Anyone who has spent some time in a cardiac intensive care unit understands the physiologic appeal of the intra-aortic balloon pump (IABP). Anecdotally its use improves multiple clinical endpoints that for years have been considered surrogates for patient important outcomes. And yet, despite these physiologic advantages when examined in a rigorous fashion, IABPs have failed to demonstrate any advantages in patient survival (1). This is not the first time that an elegant physiological principle has failed to lead to its expected clinical conclusions. It is with this in mind that we turn our eye to fluid responsiveness, the current darling of resuscitative strategies in patients presenting in various states of hemodynamic compromise.
Like the IABP its physiologic appeal makes fluid responsiveness an attractive tool to use in the Emergency Department. But techniques to identify the sweet spot on the Frank-Starling curve such as passive leg raise (PLR) are arduous, time consuming, and do not lend themselves to chaotic nature of the Emergency Department. As such some have proposed respiratory variation of the inferior vena cava (IVC) on bedside ultrasound (US) as an adequate surrogate to these more complex strategies to guide fluid administration. The following is a discussion of these tools and the data supporting their use. In a recent piece on iSepsis, Dr. Paul Marik provides an excellent review of the literature and the evidence against the use of IVC US. This post will serve as an alternative perspective.
In a recent article published by the the Journal of Critical Care, Corl et al (2) examined both the use of IVC variation and passive leg raise (PLR) to predict fluid responsiveness (defined as > 10% increase in cardiac index as measured by NICOM). The authors enrolled a convenience sample of spontaneous breathing patients being admitted to the ICU with signs of circulatory failure (SBP<90 mmHg, or MAP< 65 mmHg for >30 min, urine output <0.5 ml/kg/h, heart rate > 120 bpm for >30 min, and/or serum pH < 7.3 or lactic acid > 2 meq/l).
The authors enrolled 124 patients over a 2-year period. Overall, 49.2% of the cohort were considered fluid responsive. In this cohort a change in IVC diameter of > 25% optimally predicted responsiveness to a 500 cc fluid bolus with a sensitivity, specificity, LR+, LR- and AUROC of 87%, 81%, 4.56, 0.16, and 0.84, respectively. This was compared to the PLR which significantly underperformed when compared to previous studies with an AUROC of 0.68.
Before discussing the clinical applicability of these results there are a number of methodological issues to discuss.
First the 25% cutoff was not determined in a prospective fashion. What this means is after the authors obtained the results of the study they went back and identified the threshold that demonstrated the best diagnostic accuracy (in this case 24.6%). It is unlikely that this specific threshold would demonstrate the same diagnostic prowess when tested in an external cohort. Ideally a follow-up study prospectively validating this threshold would be required before using this cutoff clinically. Interesting to note, the threshold used to determine fluid responsiveness using the PLR (increase in CO of 10%), was determined prospectively and may be one of the factors that contributed to its underperformance.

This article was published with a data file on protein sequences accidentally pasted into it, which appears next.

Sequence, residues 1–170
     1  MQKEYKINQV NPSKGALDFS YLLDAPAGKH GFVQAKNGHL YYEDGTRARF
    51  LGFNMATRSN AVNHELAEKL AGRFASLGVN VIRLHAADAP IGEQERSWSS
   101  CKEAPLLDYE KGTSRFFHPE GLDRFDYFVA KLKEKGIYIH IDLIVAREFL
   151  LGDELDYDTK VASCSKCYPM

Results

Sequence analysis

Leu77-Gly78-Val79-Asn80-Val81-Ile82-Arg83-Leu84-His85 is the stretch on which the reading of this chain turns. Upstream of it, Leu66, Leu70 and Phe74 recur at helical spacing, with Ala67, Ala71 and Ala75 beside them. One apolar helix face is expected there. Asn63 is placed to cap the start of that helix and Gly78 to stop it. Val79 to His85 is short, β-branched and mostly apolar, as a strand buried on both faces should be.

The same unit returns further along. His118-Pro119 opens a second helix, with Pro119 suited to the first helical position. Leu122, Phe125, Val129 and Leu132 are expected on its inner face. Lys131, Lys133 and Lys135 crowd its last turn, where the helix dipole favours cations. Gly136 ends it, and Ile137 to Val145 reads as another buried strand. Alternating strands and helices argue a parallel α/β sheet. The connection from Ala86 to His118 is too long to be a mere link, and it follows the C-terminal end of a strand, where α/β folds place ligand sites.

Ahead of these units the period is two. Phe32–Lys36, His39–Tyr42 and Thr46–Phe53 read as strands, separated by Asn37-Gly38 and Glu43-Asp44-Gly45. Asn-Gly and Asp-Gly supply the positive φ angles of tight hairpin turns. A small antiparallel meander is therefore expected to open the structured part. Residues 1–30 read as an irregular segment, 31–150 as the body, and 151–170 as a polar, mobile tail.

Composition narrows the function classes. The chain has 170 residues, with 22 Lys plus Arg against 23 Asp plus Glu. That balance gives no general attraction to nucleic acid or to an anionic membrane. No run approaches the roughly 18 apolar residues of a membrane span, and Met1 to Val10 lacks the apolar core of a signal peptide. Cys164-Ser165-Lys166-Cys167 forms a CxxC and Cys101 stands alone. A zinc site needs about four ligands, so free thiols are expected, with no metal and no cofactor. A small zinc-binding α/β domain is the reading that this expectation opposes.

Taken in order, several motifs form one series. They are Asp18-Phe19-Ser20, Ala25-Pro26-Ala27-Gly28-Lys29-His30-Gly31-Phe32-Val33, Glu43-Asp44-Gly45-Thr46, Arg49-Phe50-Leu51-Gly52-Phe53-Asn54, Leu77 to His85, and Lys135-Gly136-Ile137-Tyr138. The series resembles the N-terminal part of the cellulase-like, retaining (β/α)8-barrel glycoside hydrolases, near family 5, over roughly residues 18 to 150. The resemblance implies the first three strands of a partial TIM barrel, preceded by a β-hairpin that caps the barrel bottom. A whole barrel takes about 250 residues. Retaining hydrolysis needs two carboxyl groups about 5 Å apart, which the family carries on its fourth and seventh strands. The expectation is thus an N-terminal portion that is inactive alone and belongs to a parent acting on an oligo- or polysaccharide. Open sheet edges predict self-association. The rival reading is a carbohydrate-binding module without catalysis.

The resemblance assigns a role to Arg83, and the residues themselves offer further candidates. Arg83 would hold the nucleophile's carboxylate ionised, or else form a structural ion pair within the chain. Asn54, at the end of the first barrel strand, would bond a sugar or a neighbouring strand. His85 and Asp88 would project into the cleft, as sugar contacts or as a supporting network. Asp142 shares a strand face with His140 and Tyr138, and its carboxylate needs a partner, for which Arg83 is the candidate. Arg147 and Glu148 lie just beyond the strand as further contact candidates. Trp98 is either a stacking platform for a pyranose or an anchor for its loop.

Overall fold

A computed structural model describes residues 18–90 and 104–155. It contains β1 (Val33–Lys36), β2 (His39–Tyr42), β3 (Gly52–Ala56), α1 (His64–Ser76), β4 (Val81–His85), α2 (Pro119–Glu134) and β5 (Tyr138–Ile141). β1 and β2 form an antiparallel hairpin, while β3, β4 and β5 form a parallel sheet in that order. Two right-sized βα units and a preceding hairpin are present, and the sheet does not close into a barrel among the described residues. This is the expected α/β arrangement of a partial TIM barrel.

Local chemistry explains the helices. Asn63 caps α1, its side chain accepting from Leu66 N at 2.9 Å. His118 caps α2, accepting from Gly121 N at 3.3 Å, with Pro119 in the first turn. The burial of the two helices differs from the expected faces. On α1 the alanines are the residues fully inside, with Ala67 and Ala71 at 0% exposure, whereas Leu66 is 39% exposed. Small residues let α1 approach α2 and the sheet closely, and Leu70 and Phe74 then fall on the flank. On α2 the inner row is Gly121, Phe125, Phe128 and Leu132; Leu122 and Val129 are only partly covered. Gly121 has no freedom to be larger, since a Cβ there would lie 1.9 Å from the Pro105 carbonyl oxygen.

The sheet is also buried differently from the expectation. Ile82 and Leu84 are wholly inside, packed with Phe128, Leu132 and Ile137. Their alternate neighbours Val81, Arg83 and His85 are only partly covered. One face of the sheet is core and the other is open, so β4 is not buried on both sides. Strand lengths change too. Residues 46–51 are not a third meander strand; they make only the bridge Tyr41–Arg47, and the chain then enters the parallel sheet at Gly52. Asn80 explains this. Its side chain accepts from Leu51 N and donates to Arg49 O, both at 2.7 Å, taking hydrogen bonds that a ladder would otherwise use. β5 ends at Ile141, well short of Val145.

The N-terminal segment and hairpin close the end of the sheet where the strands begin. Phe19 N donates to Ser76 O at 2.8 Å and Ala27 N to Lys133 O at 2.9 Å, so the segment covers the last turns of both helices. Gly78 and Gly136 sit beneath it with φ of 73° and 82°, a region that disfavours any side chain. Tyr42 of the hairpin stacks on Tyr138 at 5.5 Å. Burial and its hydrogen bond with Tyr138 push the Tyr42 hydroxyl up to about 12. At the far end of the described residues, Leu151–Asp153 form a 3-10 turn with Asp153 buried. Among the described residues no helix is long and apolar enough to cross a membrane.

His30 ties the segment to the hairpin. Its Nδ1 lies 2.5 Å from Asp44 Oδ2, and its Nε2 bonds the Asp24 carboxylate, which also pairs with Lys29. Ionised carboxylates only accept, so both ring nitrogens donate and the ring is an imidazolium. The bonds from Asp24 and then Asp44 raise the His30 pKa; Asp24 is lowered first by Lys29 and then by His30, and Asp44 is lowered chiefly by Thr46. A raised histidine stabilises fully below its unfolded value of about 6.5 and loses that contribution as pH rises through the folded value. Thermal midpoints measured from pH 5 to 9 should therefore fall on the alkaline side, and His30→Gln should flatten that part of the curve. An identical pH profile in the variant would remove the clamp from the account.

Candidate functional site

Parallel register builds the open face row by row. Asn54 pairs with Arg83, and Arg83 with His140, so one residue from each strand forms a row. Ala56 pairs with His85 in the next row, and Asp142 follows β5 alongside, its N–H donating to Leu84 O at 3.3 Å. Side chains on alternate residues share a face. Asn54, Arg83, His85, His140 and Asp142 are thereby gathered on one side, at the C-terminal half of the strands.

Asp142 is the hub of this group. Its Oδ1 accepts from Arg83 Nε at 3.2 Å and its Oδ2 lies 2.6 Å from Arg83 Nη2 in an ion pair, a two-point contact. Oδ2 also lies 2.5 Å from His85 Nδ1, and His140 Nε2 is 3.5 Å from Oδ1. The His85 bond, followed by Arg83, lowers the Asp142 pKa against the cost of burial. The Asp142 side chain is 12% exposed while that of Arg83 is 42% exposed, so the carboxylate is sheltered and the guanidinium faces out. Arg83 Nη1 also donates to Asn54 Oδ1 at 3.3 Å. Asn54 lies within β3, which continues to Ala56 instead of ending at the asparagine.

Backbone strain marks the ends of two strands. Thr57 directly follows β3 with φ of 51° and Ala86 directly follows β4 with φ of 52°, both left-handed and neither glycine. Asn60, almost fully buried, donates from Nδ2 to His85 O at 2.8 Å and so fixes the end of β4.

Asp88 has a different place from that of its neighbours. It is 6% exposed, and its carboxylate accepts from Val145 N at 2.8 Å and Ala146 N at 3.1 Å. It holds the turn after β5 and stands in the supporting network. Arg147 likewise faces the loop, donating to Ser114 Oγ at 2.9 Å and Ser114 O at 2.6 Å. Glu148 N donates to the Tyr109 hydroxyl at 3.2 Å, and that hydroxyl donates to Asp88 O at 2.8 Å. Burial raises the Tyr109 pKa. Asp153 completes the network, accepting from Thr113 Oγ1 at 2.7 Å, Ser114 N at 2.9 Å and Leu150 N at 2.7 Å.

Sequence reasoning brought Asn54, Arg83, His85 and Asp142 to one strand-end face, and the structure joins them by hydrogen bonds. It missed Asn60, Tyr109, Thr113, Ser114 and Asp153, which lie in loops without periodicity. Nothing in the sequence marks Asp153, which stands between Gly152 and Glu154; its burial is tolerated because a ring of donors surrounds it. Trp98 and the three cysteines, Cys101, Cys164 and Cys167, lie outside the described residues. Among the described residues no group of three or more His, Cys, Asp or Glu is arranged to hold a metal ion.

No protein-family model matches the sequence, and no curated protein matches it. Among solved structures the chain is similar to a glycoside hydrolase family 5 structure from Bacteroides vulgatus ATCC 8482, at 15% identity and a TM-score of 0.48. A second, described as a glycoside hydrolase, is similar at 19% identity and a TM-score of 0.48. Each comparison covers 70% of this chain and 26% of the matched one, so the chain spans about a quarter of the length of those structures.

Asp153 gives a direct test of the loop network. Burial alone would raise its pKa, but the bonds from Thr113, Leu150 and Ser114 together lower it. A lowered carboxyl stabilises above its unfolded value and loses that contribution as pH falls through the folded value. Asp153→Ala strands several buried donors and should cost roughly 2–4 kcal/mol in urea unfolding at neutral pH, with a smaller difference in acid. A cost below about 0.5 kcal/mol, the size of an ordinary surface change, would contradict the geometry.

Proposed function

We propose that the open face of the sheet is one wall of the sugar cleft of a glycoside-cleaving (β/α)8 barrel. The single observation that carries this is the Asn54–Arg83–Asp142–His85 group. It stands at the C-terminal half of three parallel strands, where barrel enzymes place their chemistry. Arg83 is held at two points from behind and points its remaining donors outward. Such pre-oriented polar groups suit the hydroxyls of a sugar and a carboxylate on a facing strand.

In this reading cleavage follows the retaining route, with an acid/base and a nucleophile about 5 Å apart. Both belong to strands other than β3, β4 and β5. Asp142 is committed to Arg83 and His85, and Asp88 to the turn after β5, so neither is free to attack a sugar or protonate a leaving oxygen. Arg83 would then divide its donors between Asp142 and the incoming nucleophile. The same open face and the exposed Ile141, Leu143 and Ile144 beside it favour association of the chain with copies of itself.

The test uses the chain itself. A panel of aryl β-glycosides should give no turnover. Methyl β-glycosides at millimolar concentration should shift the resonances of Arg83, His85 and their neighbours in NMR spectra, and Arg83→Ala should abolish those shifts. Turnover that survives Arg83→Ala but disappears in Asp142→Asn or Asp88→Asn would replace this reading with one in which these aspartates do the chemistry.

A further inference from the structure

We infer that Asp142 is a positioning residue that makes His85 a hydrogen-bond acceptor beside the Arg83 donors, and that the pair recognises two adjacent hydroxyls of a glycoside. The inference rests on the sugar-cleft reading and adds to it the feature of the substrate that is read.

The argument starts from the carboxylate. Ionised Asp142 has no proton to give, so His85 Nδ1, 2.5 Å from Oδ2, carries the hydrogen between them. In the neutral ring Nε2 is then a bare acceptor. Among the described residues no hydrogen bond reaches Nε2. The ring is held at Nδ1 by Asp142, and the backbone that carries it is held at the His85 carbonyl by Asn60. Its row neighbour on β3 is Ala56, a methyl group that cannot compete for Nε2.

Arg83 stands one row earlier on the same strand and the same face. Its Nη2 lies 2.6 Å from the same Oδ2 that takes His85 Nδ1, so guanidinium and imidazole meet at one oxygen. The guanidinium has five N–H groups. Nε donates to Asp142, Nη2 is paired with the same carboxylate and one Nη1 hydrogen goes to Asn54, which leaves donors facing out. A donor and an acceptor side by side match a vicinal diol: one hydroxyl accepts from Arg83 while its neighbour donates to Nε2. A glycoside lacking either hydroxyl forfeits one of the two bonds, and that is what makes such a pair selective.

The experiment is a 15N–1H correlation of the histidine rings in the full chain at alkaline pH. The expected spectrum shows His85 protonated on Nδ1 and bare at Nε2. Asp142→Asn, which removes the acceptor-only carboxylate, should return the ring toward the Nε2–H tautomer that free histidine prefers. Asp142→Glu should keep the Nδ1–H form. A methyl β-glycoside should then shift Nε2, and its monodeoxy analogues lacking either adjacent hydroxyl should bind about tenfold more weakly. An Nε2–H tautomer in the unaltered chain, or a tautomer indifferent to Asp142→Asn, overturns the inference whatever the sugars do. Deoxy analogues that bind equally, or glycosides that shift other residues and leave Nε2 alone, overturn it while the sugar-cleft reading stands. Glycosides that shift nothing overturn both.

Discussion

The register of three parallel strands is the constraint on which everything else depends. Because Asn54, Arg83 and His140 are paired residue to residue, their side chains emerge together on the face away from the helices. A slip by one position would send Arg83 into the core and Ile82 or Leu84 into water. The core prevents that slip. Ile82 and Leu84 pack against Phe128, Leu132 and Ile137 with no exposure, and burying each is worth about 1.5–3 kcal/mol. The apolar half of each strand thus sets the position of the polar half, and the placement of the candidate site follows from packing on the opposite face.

Second, the authors utilized an increase in cardiac output of 10% as determined by a NICOM monitor as their gold standard for fluid responsiveness. And while this is not an uncommon metric used to define fluid responsiveness, it relies on the validity of this non-invasive device which has shown moderate correlation when compared to the gold standard of a pulmonary artery catheter (PAC), a tool that in RCTs has never demonstrated its use improves patient oriented outcomes (3).
Third, while 49% of this cohort was identified as fluid responsive, is in line with most ICU cohorts, it is important to recognize that these are not the typical patients encountered in the Emergency Department with circulatory compromise. The median amount of fluid received in this cohort prior to enrollment was 4000 mL. This is vastly different from Emergency Department patients who typically have yet to undergo any resuscitative efforts. As such, the rate of fluid responsiveness in an Emergency Department cohort prior to fluid resuscitation is far higher (approximately 80%) (4). How this change in prevalence would affect the accuracy of IVC variation or PLR is unclear.
These methodological inadequacies are not isolated to the Corl et al paper and are pervasive throughout the literature examining fluid responsiveness. Take for example PLR, which has consistently demonstrated the strongest data supporting its use (5). In a recent meta-analysis by Cherpananth et al which comprised 23 studies and over 1,000 patients examining the use of PLR to predict fluid responsiveness, the authors reported a pooled sensitivity, specificity, and AUROC of 86%, 92%, and 0.95, respectively. And while these numbers seem diagnostically robust, a closer look at the primary trials suggest PLR’s true diagnostic capabilities are likely to be less ideal than reported.
The Lakhal et al trial published in Intensive Care Medicine in 2010 serves as a nice example. These authors enrolled 102 adult mechanical ventilated patients admitted to the ICU. The authors reported an AUROC of 0.89 using a gold standard of 10% increase in CO measured by PAC. In this case the diagnostic threshold was a 7% change in cardiac output (CO) with PRL using a PICCO monitor. But this 7% cutoff was determined retrospectively as it yielded the ideal diagnostic characteristics and again likely would perform suboptimally when validated in a prospective fashion. This technique of retrospectively determining the ideal diagnostic characteristics is ubiquitous throughout the trials included in the Cherpananth meta-analysis. In fact, the diagnostic threshold utilized to determine fluid responsiveness varied widely from study to study, ranging from 5-15%, each trial group retrospectively selected the threshold that provided the optimal performance. Given this, it is not unreasonable to conclude that there is not an ideal cutoff, and when used clinically PLR will perform far worse than the results described in this meta-analysis.
Take for example the largest of the trials by Duus et al trial published in the Critical Care Medicine in 2015, one of the few trials to prospectively determine their diagnostic threshold (7). The authors looked at 109 spontaneously breathing patients presenting to the Emergency Department in whom the treating physician intended to administer a fluid bolus. Using the NICOM as their gold standard they examined the diagnostic utility of a PLR to predict patients’ responsiveness a fluid bolus. In this case the authors predefined their threshold of PLR to predict fluid responsiveness as a 10% increase in CO, and when compared to the studies that determined optimal threshold retrospectively, the PLR diagnostic characteristics were far less impressive. The authors reported a sensitivity of 80%, specificity of 61%, and an overall accuracy of 0.74.